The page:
This post is in response to the great question that Liz proposed in this post: Your 3 Most Memorable Beers. We were on one of our back-roads tours of some SouthWestern Ontario breweries when she asked the question, and my own three beers are the first three that came to the top of my head. Here’s the first:

 

Let me take you back to a time when I wasn’t supposed to be drinking.

Let me take you back to a time when, if you asked me if I liked beer, I likely would have vehemently told you that I’d never drink that horrible swill that tasted more like lukewarm pee, and I couldn’t imagine why my Dad and his friends drank it all the time.

Let me take you back to a time when Root Beer was the only “beer” I could ever imagine myself drinking.

Let me take you back to the VERY first sip of beer that I remember having.

I promise you, it’s NOT a good experience. But I suppose that’s what makes it my most memorable experience.

It was summer, my family and my Mom’s brother and his family were all outside sitting on the swing and in lawn chairs in the yard. The adults were drinking their mixed drinks and beers and the kids were enjoying Kool-Aid. And everyone was enjoying snacking from a bowl of fresh cherries that were in a plastic bowl on the table in front of us.

Remember those cherries — they play into this story. But not in a good way.

I was perhaps seven or eight years old at the time. My cousins and I were likely flitting about the yard, bouncing a basketball down the driveway, pushing each other around in our go cart, playing tag, and then returning to the swing and lawn chairs to sit with the adults, sip some Kool-Aid, grab some cherries and then run back off on our adventures.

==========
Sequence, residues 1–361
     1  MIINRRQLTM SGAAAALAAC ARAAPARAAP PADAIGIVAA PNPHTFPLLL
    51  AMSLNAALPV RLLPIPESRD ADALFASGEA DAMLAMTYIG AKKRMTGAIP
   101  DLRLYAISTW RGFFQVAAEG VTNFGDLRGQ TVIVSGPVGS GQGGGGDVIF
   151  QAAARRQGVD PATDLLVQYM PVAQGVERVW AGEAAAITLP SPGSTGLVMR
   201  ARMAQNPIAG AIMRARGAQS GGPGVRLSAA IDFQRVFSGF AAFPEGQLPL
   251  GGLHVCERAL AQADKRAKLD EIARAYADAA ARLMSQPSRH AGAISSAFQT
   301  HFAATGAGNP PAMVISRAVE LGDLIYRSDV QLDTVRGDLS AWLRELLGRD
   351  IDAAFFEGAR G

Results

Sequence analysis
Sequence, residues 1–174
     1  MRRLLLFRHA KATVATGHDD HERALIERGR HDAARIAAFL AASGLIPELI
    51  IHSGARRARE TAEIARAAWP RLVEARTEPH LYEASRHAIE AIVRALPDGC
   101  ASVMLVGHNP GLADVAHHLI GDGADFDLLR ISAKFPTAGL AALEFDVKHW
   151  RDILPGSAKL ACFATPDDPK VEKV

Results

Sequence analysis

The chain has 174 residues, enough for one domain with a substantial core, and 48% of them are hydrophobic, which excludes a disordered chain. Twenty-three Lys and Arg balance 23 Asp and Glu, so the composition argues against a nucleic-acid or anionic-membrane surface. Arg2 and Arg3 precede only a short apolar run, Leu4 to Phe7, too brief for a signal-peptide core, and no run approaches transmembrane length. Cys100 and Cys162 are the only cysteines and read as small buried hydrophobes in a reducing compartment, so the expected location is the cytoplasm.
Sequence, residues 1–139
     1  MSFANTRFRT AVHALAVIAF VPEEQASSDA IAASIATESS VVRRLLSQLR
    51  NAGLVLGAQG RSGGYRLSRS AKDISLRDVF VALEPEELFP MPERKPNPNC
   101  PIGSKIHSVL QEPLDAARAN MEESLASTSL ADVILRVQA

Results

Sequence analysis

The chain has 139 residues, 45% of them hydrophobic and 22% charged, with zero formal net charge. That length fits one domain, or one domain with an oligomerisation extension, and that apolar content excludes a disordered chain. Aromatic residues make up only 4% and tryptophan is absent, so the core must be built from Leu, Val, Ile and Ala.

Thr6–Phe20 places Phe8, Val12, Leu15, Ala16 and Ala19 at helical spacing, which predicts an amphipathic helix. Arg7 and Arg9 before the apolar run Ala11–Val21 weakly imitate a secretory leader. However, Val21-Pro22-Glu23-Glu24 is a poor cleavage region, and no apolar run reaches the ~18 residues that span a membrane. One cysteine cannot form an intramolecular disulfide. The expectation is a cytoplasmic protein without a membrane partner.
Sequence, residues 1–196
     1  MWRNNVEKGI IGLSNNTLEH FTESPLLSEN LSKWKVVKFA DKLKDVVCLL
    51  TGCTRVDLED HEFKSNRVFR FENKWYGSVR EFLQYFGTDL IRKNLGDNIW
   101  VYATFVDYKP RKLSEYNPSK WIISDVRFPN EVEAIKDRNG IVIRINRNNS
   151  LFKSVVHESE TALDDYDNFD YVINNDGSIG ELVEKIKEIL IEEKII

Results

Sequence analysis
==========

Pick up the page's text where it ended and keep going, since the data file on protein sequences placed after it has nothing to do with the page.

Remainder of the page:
stubby_beer_bottle_molson_golden
A stubby Molson Golden beer bottle

At one point, sitting beside my Dad on the swing, I was awful curious about the beer he was drinking. He and my Uncle Leslie often drank either Molson Golden or Molson Export. If I remember correctly, Golden was my Uncle’s beer of choice and Export was my Dad’s. But in any case, they seemed to really enjoy their beer, because I couldn’t recall a time that the family all got together when they weren’t enjoying beer.

So I always thought there might be something pretty amazing about beer. To me, it was a unique adult ritual that I might one day experience.

I had just plopped a few cherries into my mouth and they were half chewed when I asked my Dad if I could have a sip of his beer.

A wry grin crossed his face as he handed the bottle of Molson Golden over to me and said: “Just a small sip, okay?”

I brought the bottle up to my lips, excited that I was partaking in this unique and purely adult ritual. An excitement and thrill raced through me. Dad was letting me sip from his beer! I could be elevated to the same status as him and my Uncle, sitting around, telling funny stories, laughing and drinking Molson Golden. A twinge of power raced through my body at the prospect.

Then the beer, which had been warmed by the hot summer day and the sun, passed my lips.

Oh Oh!

I choked on the beer, wondered who could have so quickly replaced that golden magic liquid with the vile, sour and bitter tasting horrible swill that was now in my mouth and half-swallowed.

Then I spit it all out in an unflattering spew of piss-warm beer and half-chewed cherries that projected violently out of my lips in a techno-color stream onto the driveway.

Laughter and snickers from the adults and kids alike rang through the air as I sipped the Kool-Aid, trying my best to get that God awful taste of beer out of my mouth. And, more than anything, I struggled with a lingering question even stronger than the horrible aftertaste in my mouth:  How the hell could anybody drink that utterly revolting and nasty liquid?

I was convinced that beer was something I would never drink, never enjoy.

Little did I realize that, a bit more than a decade later, the simple act of having a beer with my Dad would be among the most wonderful pleasures in my adult life.

Ah, the naivety of youth.

Dad_MarkSwing1990s
Dad and I enjoying a beer together in the mid 1990’s on the same swing mentioned in this story. Unlike that first sip, the shared beers with him later in life were a heck of a LOT more fun.

Feel free to share your OWN most memorable beers in the comments on this post:  Your 3 Most Memorable Beers

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